SC verdict deals another blow to Musharraf
Last Updated: Friday, July 31, 2009, 23:53
  
Islamabad: Pakistan Supreme Court's damning verdict declaring the 2007 emergency as "unconstitutional" came as a major setback for former President Pervez Musharraf who was forced to quit a year ago after a tumultuous nine-year reign.

Musharraf, who sacked 60 judges of the higher judiciary including Chief Justice Ifthikar Muhammad Chaudhary after declaring a state of emergency on November 3, was forced to cut short his innings last year in the face of a humiliating impeachment move by the Pakistan People's Party-led coalition government.

But his tenure as President was in a state of limbo ever since he imposed emergency to pre-empt a judicial ruling on his October 2007 re-election as civilian President, revoked the measure and quit as army chief under intense international and domestic pressure, entering uncharted waters as a civilian president.

Sixty-five year old Musharraf, who was once all-powerful in Pakistan, was busy giving lectures and participating in private functions across the globe, including India, after he stepped down as Pakistan President in August last year.

Musharraf, who is currently staying in London, found his nemesis in former premier and PML-N chief Nawaz Sharif, whom he had overthrown in a bloodless coup on October 12, 1999 and sent into exile a year later.

Sharif, who returned to the country from exile joined forces with rival Benazir Bhutto's Pakistan People's Party after her assassination and together with it trounced the pro-Musharraf PML-Q, setting stage for the President's ouster.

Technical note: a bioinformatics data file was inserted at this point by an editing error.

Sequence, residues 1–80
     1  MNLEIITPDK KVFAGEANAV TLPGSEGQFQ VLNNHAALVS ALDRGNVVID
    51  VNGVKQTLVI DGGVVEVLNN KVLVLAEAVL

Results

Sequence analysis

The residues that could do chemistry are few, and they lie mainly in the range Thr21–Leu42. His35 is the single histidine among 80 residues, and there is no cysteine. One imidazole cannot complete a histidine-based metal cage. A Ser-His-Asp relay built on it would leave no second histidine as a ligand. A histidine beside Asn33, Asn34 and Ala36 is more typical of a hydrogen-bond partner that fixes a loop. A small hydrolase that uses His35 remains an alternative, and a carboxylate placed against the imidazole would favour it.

The dismissal of Pakistan Chief Justice Chaudhry on March 9, 2007 on charges of abuse of office, sparked nationwide protests by lawyers and opposition parties, marking the beginning of decline of Musharraf's regime.

Media reports had suggested that Musharraf, a long time US ally, was planning to launch a political party, but it did not materialise.

Born on August 11, 1943 in Delhi, Musharraf came into limelight in 1998 when the then Prime Minister Nawaz Sharif appointed him army chief on October seven.

Musharraf, the longest serving army chief in the country after General Zia-ul-Haq , would never have reached the post but for Sharif, who superseded him over several other officers.

However, things went terribly wrong between the then Prime Minister Sharif and General Musharraf after the 1999 Kargil conflict between India and Pakistan, as both of them engaged in a blame game over the military misadventure.

While Sharif claimed that Musharraf was solely responsible for the Kargil attack, the army chief alleged that PML(N) leader had succumbed to US pressure.

Musharraf overthrew Sharif after the PML-N leader sacked him as army chief. His first action after the Supreme Court validated his bloodless coup, was to exile Sharif from Pakistan, banning him from returning to the country for 10 years.

With Benazir Bhutto -- the then Opposition leader -- already in exile, Musharraf declared himself the country's chief executive and formally appointed himself President on June 20, 2001, days before travelling to Agra for the summit with then Prime Minister Atal Bihari Vajpayee which failed to yield any breakthrough.

In an attempt to legitimise his presidency, Musharraf staged a widely criticised referendum on April 30, 2002 to extend his term to five years and the pro-Musharraf PML-Q, a breakaway faction of Sharif's party, won a majority of seats in general elections later that year.

On January 1, 2004 Musharraf won a confidence vote from the electoral college comprising the five legislatures. This body then re-elected him in uniform on October 6, 2007 for a second term as President.

Musharraf garnered support from Pakistan's long-time ally, America, by assisting the US-led forces in Afghanistan in the war against terrorism that ensued the September 11, 2001 attack on the World Trade Centre.

He also decided against extending patronage to the Taliban in neighbouring Afghanistan. This was the period of Musharraf's rise at home as well as abroad.

But the battle-scarred armyman who reportedly often carries a Glock pistol, earned the wrath of extremist elements inside his country and was the target of at least three assassination attempts.

Bureau Report


First Published: Friday, July 31, 2009, 23:53


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